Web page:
The Skin I Live In (2011)

The Skin I Live In [La piel que habito] (2011)

Starring Antonio Banderas, Elena Anaya, Marisa Paredes, Jan Cornet, Roberto Álamo, Eduard Fernández, José Luis Gómez, Blanca Suárez

Directed by Pedro Almodóvar

Expectations: High. A new Almodóvar is cause for celebration.


Pedro Almodóvar’s The Skin I Live In is easily my most anticipated film of the year, and now that I’ve seen it I simply stare at the blank computer screen and wonder what to write about it. There are times when writing about film is fun, and then there are others when it seems like work. And then there are times like this, when I find myself unable to pull together enough coherent thoughts to constitute a proper review. It’s not because I don’t know how I feel about the film, it’s more of a general feeling of impressed awe at how much command Almodóvar has over film and his audiences. I don’t care to discuss specifics or to dissect the scenes, and this is where I have a problem trying to write about movies like this. Almodóvar creates films that embody everything I feel is vital for a quality film, perfectly balancing artfulness and heady ideals with a deeply intoxicating, entertaining nature. This is the fourth film I’ve seen of his, and it is the fourth film of his that I’ve loved.

To describe any of the plot would betray much too much about the story. If you’ve never seen any Almodóvar, I’m unsure that this is the place to jump on, but I suppose it would be as good as any other. For the record, the first film I saw was Volver, a truly magical piece of cinema. The Skin I Live In is unique in its feel and its look among the Almodóvar films I’ve seen, and while you could say that about all of them, this one stands out completely. Antonio Banderas returns to work with Almodóvar after a twenty-one year gap and he plays his role flawlessly. This is perhaps the best I’ve ever seen him, encompassing the cold, suave nature of his character and the range of emotions necessary to carry every plot twist the film contains.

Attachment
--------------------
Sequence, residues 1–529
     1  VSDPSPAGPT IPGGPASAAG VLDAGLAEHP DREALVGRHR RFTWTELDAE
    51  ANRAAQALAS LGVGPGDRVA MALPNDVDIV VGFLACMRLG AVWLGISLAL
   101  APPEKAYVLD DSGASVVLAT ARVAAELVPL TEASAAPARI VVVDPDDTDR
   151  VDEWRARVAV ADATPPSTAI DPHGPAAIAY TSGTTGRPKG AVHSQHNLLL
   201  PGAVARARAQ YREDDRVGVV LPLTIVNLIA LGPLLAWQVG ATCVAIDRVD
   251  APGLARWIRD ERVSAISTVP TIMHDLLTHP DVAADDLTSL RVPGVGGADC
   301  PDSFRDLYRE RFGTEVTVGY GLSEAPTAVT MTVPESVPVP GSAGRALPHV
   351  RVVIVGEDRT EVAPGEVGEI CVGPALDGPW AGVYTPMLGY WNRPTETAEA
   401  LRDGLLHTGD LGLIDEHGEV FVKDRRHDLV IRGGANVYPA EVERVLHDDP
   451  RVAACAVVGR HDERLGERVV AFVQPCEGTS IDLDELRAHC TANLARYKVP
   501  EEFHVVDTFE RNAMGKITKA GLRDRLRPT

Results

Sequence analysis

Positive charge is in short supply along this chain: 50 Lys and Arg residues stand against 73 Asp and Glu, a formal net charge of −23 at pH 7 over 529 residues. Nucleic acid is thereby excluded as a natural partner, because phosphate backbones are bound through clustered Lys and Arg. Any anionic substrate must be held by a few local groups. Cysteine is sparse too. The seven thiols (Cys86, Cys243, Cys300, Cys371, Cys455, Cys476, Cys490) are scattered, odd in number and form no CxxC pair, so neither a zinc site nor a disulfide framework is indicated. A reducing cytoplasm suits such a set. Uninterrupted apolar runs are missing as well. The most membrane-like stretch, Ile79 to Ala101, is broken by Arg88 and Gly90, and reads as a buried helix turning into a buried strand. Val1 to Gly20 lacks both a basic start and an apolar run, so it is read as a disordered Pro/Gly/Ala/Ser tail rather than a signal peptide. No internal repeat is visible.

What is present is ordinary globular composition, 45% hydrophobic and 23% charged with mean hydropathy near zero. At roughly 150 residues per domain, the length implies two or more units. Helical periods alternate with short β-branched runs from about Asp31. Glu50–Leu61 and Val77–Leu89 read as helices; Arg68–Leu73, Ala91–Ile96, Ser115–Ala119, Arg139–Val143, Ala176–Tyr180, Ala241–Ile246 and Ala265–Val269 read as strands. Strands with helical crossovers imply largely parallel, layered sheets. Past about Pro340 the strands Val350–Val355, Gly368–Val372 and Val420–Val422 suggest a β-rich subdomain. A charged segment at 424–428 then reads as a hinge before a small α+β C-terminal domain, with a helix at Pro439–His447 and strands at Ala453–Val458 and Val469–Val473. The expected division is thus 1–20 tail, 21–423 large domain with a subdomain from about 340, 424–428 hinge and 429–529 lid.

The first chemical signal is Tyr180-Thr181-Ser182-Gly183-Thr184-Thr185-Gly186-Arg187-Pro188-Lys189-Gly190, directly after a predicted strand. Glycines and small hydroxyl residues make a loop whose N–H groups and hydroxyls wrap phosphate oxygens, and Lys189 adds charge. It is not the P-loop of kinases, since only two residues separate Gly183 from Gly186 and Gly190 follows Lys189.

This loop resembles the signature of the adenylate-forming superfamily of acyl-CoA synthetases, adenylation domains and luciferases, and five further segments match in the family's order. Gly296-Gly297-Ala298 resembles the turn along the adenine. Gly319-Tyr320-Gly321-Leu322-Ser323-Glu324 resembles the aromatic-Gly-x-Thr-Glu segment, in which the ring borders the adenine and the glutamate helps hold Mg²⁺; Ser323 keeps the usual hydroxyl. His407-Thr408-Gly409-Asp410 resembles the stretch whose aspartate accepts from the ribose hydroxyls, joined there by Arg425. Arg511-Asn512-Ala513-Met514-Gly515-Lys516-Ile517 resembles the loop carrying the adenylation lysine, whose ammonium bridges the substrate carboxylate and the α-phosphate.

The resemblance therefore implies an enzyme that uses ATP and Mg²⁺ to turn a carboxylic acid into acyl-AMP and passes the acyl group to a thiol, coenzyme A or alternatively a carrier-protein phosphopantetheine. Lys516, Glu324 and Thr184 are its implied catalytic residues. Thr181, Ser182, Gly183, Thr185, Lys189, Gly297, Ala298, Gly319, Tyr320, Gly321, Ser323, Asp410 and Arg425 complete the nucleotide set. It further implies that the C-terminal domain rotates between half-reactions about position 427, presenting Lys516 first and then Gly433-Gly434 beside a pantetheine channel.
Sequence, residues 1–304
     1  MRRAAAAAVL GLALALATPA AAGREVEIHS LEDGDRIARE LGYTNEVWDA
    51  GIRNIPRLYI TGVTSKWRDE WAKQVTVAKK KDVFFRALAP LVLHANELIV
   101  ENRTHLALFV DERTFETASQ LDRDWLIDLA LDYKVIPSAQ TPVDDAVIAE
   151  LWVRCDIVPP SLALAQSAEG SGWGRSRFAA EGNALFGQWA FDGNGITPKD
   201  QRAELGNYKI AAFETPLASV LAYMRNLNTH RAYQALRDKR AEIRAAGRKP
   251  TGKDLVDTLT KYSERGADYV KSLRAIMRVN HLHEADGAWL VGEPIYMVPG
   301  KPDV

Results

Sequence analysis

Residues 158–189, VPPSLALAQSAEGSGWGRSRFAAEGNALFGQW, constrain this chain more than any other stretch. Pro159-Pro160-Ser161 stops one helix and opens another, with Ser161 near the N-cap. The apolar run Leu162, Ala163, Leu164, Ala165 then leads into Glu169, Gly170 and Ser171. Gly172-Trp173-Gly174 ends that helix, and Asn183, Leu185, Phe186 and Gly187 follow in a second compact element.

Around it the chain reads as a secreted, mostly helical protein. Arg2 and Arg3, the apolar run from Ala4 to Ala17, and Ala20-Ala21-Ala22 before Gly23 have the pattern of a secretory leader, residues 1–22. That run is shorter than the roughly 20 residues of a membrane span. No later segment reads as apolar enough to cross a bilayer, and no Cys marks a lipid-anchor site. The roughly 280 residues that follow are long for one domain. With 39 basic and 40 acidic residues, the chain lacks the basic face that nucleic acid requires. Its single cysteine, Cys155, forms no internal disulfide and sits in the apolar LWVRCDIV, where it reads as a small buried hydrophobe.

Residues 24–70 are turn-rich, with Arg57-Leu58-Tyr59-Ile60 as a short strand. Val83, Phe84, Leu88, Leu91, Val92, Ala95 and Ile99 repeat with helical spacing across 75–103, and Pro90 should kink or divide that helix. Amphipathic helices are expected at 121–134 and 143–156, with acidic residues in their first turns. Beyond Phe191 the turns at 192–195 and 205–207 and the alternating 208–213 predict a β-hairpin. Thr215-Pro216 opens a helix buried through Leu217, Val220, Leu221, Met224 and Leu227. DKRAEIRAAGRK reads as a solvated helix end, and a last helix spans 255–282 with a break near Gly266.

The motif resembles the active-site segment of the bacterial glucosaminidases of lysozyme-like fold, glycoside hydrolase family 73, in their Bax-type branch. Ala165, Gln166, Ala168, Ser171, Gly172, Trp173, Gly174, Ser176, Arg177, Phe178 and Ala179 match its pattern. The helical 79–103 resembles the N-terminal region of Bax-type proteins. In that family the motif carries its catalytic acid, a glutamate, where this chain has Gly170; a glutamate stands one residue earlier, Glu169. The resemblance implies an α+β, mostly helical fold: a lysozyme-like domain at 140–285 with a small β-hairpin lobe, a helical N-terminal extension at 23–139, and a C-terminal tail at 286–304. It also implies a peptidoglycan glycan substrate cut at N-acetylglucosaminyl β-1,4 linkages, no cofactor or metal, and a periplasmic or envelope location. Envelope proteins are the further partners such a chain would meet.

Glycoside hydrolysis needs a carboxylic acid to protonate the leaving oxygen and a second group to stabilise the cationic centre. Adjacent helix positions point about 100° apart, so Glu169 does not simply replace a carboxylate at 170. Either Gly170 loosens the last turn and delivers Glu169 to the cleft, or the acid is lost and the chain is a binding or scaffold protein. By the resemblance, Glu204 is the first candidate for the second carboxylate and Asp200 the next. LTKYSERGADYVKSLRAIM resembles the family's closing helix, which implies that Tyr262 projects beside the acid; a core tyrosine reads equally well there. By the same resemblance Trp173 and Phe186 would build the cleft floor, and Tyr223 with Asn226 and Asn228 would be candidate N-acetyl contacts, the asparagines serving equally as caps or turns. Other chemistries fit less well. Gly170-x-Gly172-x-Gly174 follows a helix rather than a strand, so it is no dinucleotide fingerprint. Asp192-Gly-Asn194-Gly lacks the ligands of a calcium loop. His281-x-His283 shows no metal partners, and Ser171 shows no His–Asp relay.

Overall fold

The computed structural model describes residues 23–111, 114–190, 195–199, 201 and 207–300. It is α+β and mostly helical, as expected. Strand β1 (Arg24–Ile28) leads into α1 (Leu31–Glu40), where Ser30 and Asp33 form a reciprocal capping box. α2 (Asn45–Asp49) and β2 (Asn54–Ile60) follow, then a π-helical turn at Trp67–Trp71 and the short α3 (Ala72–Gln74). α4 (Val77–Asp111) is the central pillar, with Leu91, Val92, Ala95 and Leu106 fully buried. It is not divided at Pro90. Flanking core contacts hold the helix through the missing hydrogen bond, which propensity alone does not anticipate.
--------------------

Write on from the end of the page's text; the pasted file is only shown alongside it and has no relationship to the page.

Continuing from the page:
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Point Blank (2011)

Point Blank [À bout portant] (2011)

Starring Gilles Lellouche, Roschdy Zem, Gérard Lanvin, Elena Anaya, Mireille Perrier, Claire Perot, Moussa Maaskri, Pierre Benoist, Valérie Dashwood, Virgile Bramly, Nicky Naude

Directed by Fred Cavayé

Expectations: Pretty high, I’ve heard great things.


Point Blank sets out to make a high-octane, high-stakes thriller where an innocent man gets dragged into the middle of a web of corrupt cops and hardened criminals when his pregant wife is kidnapped. A film like this, with a slim eighty-four minute runtime, should fly by in a flash of excitement and gritty violence. Unfortunately, while Point Blank has its share of great moments, it’s more characterized by its inability to string these together flawlessly. With a story this simple and clichéd, the execution has to be perfect, but instead I found myself watching a cascade of moderately impressive action/chase sequences that I was emotionally disconnected from and I’m having a hard time remembering now, only a few days later.

So yeah, storywise this is remarkably simple, although it’s told in such a way that the viewer must unravel some of the more intricate plot points. The only thing is, when these are unraveled they are so incredibly clichéd and telegraphed that it’s neither a shock or very interesting. While watching Point Blank, I couldn’t escape the fact that I had seen this all done before and in films both better and more interesting. Look at Taken, for instance, a movie that shares many plot points and a very similar, short runtime. Taken never lets up the suspense and the dire situation of getting to Liam Neeson’s daughter as quick as possible is ever-present. In Point Blank, the husband is at the mercy of the people he’s with at the moment and there are large sections of the film where he must deal with the situation at hand, with both the character and the audience knowing that he’s getting no closer to his wife. Yeah… not so exciting.

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